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  • FIRST POST
    • Pennypanj
    • By Pennypanj 6th Dec 17, 1:40 PM
    • 6Posts
    • 2Thanks
    Pennypanj
    Overdraft - Lloyds Daily or Savings?
    • #1
    • 6th Dec 17, 1:40 PM
    Overdraft - Lloyds Daily or Savings? 6th Dec 17 at 1:40 PM
    Hi,
    I am currently living in an overdraft with £2000 by the end of each month. The Lloyds daily overdraft charge is being applied and I hate it...even if I don't spend from my account, the statement shows an amount being taken every day...My first tactic to minimise the fee is to use my interest free Barclaycard for any non-bill spending and to pay the card off one day before payday, using the remainder of my overdraft...so, only being overdrawn to the max for one day.
    My bills come to roughly £1000 per month (including mortgage).
    I have £500 in another account and am getting a bonus for Christmas...so my question is-should I keep a separate pot of savings , or should I use this to reduce my overdraft?
    I like having a separate account for emergencies (house renovation ongoing) but also equally hate the daily overdraft fee!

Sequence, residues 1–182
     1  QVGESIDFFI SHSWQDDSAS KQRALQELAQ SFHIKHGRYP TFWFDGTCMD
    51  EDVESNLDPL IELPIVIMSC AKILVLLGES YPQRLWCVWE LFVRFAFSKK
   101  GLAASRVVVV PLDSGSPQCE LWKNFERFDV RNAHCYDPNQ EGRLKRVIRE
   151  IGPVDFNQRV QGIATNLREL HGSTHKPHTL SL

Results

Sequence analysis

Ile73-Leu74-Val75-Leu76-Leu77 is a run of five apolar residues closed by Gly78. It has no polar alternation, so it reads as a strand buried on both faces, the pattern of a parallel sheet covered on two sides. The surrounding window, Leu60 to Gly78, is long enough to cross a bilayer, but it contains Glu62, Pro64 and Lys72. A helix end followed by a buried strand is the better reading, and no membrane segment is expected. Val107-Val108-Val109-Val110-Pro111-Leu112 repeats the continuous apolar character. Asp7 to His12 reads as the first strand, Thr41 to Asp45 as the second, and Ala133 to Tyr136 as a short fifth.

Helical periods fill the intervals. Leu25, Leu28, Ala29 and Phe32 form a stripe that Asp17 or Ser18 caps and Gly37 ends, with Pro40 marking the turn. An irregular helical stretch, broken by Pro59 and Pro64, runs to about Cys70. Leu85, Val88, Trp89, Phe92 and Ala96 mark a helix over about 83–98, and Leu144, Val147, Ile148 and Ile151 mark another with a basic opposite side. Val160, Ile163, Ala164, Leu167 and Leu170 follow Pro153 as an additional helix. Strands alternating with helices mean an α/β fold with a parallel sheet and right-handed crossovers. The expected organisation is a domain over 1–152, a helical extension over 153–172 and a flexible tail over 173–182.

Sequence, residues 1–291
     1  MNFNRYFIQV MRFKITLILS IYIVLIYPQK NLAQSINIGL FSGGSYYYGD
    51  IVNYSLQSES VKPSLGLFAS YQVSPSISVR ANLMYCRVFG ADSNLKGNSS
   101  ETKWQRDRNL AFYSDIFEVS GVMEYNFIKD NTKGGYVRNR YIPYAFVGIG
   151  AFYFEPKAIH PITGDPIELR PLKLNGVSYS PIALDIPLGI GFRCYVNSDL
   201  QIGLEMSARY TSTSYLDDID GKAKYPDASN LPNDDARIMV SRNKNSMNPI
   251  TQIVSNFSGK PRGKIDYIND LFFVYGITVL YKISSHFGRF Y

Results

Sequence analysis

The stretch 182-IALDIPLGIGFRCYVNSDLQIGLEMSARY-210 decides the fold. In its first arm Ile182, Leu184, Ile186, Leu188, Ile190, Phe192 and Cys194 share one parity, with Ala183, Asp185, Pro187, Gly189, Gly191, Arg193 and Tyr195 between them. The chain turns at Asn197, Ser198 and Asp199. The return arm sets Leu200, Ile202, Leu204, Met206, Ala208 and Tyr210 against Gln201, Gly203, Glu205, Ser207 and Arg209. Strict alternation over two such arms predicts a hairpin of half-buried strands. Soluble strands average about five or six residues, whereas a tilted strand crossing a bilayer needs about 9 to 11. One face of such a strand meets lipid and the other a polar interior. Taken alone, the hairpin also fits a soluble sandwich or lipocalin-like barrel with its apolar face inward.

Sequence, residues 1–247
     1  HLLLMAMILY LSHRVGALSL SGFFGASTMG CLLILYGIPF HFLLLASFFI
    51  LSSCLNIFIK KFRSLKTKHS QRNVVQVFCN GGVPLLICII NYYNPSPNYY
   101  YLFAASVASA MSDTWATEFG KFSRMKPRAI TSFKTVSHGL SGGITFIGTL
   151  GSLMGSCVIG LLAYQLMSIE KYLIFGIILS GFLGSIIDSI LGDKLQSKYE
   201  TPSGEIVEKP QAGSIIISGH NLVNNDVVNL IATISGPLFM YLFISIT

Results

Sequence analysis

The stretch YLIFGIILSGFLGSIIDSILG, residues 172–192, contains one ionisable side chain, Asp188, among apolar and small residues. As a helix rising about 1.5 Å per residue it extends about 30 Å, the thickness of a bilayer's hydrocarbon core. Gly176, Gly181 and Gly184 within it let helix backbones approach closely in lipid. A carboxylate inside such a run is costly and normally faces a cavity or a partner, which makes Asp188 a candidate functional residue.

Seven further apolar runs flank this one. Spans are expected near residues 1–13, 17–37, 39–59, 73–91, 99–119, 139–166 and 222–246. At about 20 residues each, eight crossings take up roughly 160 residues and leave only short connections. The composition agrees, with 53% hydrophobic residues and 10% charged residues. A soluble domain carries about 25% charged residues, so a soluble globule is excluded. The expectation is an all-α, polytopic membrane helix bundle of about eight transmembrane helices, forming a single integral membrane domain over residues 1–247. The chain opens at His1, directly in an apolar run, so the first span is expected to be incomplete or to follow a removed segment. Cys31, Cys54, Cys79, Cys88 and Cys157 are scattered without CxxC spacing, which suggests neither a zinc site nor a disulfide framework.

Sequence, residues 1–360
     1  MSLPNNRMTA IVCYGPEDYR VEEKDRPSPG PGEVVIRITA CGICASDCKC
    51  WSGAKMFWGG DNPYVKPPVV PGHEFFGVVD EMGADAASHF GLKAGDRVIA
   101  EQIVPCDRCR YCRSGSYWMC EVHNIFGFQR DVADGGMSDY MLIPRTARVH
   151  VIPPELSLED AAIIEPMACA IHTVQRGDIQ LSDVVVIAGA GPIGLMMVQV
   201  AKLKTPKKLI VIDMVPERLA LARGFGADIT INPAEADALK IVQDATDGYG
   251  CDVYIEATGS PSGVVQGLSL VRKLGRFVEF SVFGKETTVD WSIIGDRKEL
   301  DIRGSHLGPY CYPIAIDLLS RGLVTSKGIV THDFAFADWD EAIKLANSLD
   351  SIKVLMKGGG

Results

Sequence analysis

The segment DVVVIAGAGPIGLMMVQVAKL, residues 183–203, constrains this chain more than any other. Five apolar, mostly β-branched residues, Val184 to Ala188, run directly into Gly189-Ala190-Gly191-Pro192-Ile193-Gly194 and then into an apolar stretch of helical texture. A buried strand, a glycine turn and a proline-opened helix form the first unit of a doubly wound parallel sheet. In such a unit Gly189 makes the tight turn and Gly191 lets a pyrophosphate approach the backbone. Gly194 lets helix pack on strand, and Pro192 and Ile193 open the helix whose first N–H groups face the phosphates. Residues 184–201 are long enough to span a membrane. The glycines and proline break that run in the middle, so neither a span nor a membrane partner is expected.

Advice very much appreciated!
    Many thanks
Page 1
    • Tarambor
    • By Tarambor 6th Dec 17, 1:46 PM
    • 1,742 Posts
    • 1,196 Thanks
    Tarambor
    • #2
    • 6th Dec 17, 1:46 PM
    • #2
    • 6th Dec 17, 1:46 PM
    You have no savings because you owe more than you have cash. You also can't afford your house renovation because you are living in your overdraft. You need to get this overdraft sorted out ASAP as you are in debt crisis. That involves stopping the house renovations, using money you have to pay it down and moving anything outstanding to the cheapest borrowing you can, i.e money transfer credit card.

    Only once you've done that can you then build up a buffer and then continue with the house renovations.
  • National Debtline
    • #3
    • 6th Dec 17, 2:13 PM
    • #3
    • 6th Dec 17, 2:13 PM
    Hi Pennypanj

    Your overdraft presumably accrues interest at a faster rate than any savings you have or are likely to have. You should therefore attack the overdraft as aggressively as possible and if, as tarambor suggests, that means delaying certain (non-essential) outgoings, then so be it.


    Good luck


    Dennis
    @natdebtline
    We work as money advisers for National Debtline and have specific permission from MSE to post to try to help those in debt. Read more information on National Debtline in MSE's Debt Problems: What to do and where to get help guide. If you find you're struggling with debt and need further help try our online advice tool My Money Steps
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